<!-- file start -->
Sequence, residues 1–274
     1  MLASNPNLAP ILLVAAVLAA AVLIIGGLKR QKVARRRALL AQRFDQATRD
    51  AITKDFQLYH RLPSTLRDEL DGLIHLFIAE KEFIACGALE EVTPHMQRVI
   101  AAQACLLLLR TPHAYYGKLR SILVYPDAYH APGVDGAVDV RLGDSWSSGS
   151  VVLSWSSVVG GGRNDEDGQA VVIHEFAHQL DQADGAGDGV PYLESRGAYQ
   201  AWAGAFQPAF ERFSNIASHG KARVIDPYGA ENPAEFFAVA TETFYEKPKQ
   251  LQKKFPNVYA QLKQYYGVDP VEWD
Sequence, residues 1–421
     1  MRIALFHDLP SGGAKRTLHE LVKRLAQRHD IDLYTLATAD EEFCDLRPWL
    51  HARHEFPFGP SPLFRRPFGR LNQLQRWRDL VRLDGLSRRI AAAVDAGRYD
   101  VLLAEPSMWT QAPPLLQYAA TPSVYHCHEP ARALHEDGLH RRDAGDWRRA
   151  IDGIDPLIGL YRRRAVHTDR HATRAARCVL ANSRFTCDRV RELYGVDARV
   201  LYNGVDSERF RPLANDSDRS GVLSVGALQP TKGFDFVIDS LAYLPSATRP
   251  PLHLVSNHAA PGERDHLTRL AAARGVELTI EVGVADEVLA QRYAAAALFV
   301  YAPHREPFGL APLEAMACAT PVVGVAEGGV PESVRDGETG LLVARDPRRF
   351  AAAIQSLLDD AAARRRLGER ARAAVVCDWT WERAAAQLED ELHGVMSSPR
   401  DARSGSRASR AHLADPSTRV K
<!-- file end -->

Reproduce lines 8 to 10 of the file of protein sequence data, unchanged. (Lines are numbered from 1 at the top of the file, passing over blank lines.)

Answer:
Sequence, residues 1–421
     1  MRIALFHDLP SGGAKRTLHE LVKRLAQRHD IDLYTLATAD EEFCDLRPWL
    51  HARHEFPFGP SPLFRRPFGR LNQLQRWRDL VRLDGLSRRI AAAVDAGRYD